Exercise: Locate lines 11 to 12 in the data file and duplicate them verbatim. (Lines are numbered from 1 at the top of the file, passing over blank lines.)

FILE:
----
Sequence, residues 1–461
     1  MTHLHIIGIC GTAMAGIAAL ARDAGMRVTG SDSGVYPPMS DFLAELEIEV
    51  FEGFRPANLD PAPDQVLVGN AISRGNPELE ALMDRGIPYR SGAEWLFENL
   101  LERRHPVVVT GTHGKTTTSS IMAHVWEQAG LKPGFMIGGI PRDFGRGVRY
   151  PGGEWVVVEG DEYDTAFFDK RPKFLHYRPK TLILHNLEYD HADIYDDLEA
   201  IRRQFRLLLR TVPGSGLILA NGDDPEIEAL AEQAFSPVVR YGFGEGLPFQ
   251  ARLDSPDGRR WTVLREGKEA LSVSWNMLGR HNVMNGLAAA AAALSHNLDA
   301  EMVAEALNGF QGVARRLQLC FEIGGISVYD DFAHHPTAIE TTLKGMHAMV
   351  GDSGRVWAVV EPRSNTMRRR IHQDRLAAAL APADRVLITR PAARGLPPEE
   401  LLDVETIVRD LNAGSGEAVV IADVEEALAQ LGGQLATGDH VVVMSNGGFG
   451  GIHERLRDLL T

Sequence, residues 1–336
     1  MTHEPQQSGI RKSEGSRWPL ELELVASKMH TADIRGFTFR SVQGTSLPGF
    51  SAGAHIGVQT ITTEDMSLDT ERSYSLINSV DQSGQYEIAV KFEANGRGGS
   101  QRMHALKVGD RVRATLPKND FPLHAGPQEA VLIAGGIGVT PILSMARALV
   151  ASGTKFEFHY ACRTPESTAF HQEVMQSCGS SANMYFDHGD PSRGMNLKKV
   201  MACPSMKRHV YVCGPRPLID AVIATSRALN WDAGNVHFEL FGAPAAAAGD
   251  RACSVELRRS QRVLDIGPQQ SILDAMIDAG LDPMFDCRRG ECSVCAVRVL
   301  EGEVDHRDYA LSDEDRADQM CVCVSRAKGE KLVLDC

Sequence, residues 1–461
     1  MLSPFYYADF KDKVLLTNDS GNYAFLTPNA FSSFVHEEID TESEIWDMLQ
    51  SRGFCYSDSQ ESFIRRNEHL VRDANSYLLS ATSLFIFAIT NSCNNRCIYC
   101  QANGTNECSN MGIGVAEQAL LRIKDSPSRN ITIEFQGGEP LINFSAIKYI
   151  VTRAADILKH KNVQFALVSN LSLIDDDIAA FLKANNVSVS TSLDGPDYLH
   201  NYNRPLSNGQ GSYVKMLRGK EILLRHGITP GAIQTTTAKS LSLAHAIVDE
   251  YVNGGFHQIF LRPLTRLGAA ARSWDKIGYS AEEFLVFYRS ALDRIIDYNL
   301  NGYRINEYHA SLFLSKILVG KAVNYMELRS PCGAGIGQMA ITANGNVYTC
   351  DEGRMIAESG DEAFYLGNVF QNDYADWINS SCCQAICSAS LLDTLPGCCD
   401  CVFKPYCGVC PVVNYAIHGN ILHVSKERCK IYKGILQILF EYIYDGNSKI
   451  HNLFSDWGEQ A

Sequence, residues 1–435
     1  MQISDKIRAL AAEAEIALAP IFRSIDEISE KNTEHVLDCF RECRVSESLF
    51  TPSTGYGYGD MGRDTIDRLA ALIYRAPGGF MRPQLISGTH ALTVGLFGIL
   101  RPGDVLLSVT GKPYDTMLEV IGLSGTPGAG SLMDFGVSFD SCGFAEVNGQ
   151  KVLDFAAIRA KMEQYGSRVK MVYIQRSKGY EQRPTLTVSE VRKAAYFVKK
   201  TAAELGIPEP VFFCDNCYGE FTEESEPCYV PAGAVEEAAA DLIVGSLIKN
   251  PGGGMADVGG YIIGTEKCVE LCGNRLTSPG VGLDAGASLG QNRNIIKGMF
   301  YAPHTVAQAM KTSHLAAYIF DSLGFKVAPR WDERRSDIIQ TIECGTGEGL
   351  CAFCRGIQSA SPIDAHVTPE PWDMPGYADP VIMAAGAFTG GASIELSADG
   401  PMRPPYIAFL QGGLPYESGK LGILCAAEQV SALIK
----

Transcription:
   451  GIHERLRDLL T

Sequence, residues 1–336